By Paul Tomkins.
An angry broadsheet journalist recently emailed me to say that my “hatred of newspapers is beyond a joke”. Yes, I hate lazy reporting, opinion pieces inflated with hot air, and assertions that go against the facts. And yes, there’s plenty to despise about tabloid newspapers, and the sickening way they go about their business.
But you only have to check the number of journalists I follow on Twitter – and believe me, I don’t waste time with those whose work I don’t respect – to see that for someone who ‘hates’ newspapers to a point that’s ‘beyond a joke’, I actually quite like a lot of what they have to say. Charlie Brooker criticises television and newspapers, yet still makes TV shows and writes columns. I don’t think that makes him a hypocrite.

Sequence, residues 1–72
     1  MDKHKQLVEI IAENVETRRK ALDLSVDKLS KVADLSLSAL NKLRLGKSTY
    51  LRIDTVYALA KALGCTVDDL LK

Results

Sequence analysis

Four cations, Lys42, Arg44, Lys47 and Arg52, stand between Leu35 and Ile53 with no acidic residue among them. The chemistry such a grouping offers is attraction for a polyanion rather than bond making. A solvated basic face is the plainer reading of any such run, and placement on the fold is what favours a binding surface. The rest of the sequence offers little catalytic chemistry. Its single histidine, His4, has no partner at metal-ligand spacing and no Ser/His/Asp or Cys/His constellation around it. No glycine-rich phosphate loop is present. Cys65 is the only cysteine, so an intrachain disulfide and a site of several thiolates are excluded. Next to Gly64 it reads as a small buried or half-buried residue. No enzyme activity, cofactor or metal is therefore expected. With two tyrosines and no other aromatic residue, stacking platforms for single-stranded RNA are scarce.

For a number of years, the point of my writing (and subsequently, this site as a whole) has been to counter what I believe to be poor newspaper and media reporting. ‘Interesting’ writing that is factually incorrect is, in my eyes, worthless; or, worse than that, potentially dangerous. We all make mistakes, but readers have a right to expect some research.
The aim of this new weekly feature, pulled together by Chris Rowland and for subscribers only, is to pull apart arguments held together with desiccated Blu-Tack, but also to praise those in the media who have been talking a lot of sense. At TTT, we get very excited by good journalism, possibly because, with the pressure on newspapers to get website hits (as circulations plummet), it’s much rarer than in the golden era.
Subscribe to read on.